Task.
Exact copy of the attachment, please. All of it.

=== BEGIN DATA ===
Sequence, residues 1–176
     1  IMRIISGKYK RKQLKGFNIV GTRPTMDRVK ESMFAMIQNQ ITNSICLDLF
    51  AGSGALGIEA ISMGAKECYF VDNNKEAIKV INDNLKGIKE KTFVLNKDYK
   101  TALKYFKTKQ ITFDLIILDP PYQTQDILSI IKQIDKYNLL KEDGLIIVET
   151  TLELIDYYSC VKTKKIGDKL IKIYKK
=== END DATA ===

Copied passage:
Sequence, residues 1–176
     1  IMRIISGKYK RKQLKGFNIV GTRPTMDRVK ESMFAMIQNQ ITNSICLDLF
    51  AGSGALGIEA ISMGAKECYF VDNNKEAIKV INDNLKGIKE KTFVLNKDYK
   101  TALKYFKTKQ ITFDLIILDP PYQTQDILSI IKQIDKYNLL KEDGLIIVET
   151  TLELIDYYSC VKTKKIGDKL IKIYKK